….The present study found that EA activates CRH-containing neurons in the PVN. The PVN is a pivotal nucleus that responds to various stimuli including stress [21]. However, as discussed below, the EA procedures used in this study have little stress effect. Thus, the neuron activation in the PVN of EA-treated rats is considered a specific response to EA, not a general stress response. Previous study also demonstrates that EA significantly activates the PVN [22]. Our data further show that EA-activated neurons in the PVN contain CRH, which indicates that EA treatment may induce CRH secretion. The secreted CRH acted on CRH receptors to increase ACTH release, which is supported by the data showing that EA significantly increases plasma ACTH levels in CFA-inflamed rats compared to sham EA. These data are consistent with our recent report that EA increases endogenous corticosterone secretion [4]. The secreted CRH and ACTH activated their respective receptors, leading to the inhibition of edema. This is evidenced by our experiments on CRH and ACTH antagonists. Pretreatment with a CRH antagonists, astressin and an ACTH antagonist, ACTH(11–24), prevented EA anti-edema. Taken together, these results suggest that in pathological conditions EA activates the HPA axis to increase CRH, ACTH, and glucocorticoid secretion and suppress inflammatory responses.

Photomicrographs showing co-localization of CRH and p-NR1 in the PVN. A-C: Sections from EA-treated naive rats were double-labeled with anti-CRH (red) and anti-p-NR1 (green). A: CRH-immunoreactive neurons in the PVN. B: p-NRI-immunoreactive neurons in the PVN. C: Merged graphs of A and B. Small arrows indicate examples of double-labeled CRH/p-NR1 neuron (yellow); Arrowheads point to single-labeled CRH and p-NR1. The insets in A, B and C are higher magnification of the square areas in A, B and C, respectively. D: Sections from untreated naive rats were signle-labeled with anti-p-NR1 and showed no labeling of P-NR1. Scale bars represent 50 μm in A, B, C, and 250 μm in D.

…It is also noticed that ACTH(11–24) did not block EA anti-hyperalgesia, suggesting that endogenous ACTH plays little role in EA anti-hyperalgesia. Previous studies using HYPOX showed that the pituitary gland was involved in acupuncture analgesia [7,8]. The discrepancy between previous studies and ours may be due to the difference in animal models, inflammatory vs. uninflamed animals, since EA affects healthy and pathological conditions differently, as stated above. Another difference is that we used antagonists in our study while the previous studies used HYPOX that took away all pituitary-secreted molecules, including beta-endorphin. Logically, less involvement of CRH and no involvement of ACTH in EA anti-hyperalgesia suggest that EA may produce anti-hyperalgesia by affecting the nervous system. Our recent studies [26] demonstrate that EA activates brainstem nuclei, which are involved in descending inhibitory modulation of spinal transmission of noxious messages, to inhibit the transmission of noxious messages at the spinal cord. Our previous studies demonstrate that spinal mu and delta opioid systems are involved in EA anti-hyperalgesia in the same inflammatory pain rat model [12].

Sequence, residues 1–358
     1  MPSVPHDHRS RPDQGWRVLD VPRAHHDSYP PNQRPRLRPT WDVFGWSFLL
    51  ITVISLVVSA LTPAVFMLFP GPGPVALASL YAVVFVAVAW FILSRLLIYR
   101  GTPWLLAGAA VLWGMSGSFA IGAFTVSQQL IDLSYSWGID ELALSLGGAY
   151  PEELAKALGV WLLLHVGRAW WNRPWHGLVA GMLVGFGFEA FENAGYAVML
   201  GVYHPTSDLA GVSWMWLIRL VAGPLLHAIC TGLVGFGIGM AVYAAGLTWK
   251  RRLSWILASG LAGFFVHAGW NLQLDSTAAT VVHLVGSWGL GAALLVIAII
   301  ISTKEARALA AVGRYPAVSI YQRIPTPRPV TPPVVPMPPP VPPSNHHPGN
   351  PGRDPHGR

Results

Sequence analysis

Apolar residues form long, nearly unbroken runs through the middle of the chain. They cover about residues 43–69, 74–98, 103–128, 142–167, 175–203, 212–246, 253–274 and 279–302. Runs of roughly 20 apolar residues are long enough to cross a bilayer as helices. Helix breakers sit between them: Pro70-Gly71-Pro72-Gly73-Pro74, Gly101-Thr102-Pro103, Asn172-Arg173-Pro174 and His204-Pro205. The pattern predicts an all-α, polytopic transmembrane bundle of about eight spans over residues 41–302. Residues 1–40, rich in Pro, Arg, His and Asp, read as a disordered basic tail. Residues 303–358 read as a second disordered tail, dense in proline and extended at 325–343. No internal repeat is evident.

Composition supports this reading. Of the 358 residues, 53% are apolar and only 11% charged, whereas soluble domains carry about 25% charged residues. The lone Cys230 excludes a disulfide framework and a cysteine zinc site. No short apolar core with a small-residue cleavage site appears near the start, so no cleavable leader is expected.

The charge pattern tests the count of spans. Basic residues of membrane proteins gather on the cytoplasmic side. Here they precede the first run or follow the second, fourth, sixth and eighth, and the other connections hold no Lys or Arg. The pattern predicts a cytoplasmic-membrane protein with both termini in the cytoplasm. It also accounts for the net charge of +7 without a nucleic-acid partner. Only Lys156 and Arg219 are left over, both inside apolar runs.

….Conclusion: The present study demonstrates that EA activates CRH-containing neurons to significantly increase plasma ACTH levels and suppress edema through CRH and ACTH receptors in a rat model of inflammation. EA-produced inhibition of edema involves the activation of NMDA receptors in CRH-containing neurons of the paraventricular nucleus.

Li P, Ayannusi O, Reid C, Longhurst JC. Inhibitory effect of electroacupuncture (EA) on the pressor response induced by exercise stress. Clin Auton Res. 2004;14(3):182-188.

We examined the effect of EA on the exercise stress-induced pressor response in healthy adult subjects of both sexes. Each subject was subjected to a bicycle exercise test using a ramp protocol once/week for three or four weeks. Subjects were asked to perform the following tests in random order: 1) a baseline exercise test without EA and 2) exercise after acupuncture at P 5-6, LI 4-L 7 and/or G 37-39 acupoints. Brachial systolic (SBP), diastolic (DBP), and mean blood pressures (MBP), heart rate (HR) and the rate-pressure product (RPP, systolic BP x HR/100) were measured every three min, while a 12 lead ECG was monitored continuously. We observed increases in MBP, SBP, HR and RPP in all 17 subjects during exercise. In 12 of the 17 subjects (71 %), EA for 30 min before exercise, either at Jianshi-Neiguan acupoints (P 5-6) or Hegu-Lique acupoints (LI 4-L 7), led to an increase in maximal workload, and reduced peak SBP, MBP and RPP responses to exercise; EA did not alter DBP or HR responses in these subjects. EA at control acupoints (Guangming-Xuanzhong acupoints, G 37-39) in five subjects did not alter the hemodynamic responses. Seven additional subjects were enrolled to study the effect of EA during a bicycle exercise test using a constant workload. The results were similar, in five of the seven subjects SBP, MBP and RPP after exercise were attenuated significantly by EA at P 5-6. We conclude that EA at specific acupoints improves exercise capacity and reduces the hemodynamic responses in approximately 70% of normal subjects.

Zhang RX, Lao L, Wang X, et al. Electroacupuncture attenuates inflammation in a rat model.  JA – J Altern.C. 2005;11(1):135-142


Acupuncture has traditionally been used in China and is being increasingly applied in Western countries to treat a variety of conditions, including inflammatory disease. However, clinical trials investigating the effectiveness of the anti-inflammatory effects of acupuncture have yielded inconsistent results, and the underlying mechanisms of acupuncture-produced anti-inflammation are unclear.


To evaluate the effectiveness of electroacupuncture (EA) on inflammation in a rat model.